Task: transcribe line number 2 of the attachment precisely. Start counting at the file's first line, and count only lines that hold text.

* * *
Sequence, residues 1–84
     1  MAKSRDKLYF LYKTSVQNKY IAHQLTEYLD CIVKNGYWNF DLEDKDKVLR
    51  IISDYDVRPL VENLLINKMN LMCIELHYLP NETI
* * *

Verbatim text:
     1  MAKSRDKLYF LYKTSVQNKY IAHQLTEYLD CIVKNGYWNF DLEDKDKVLR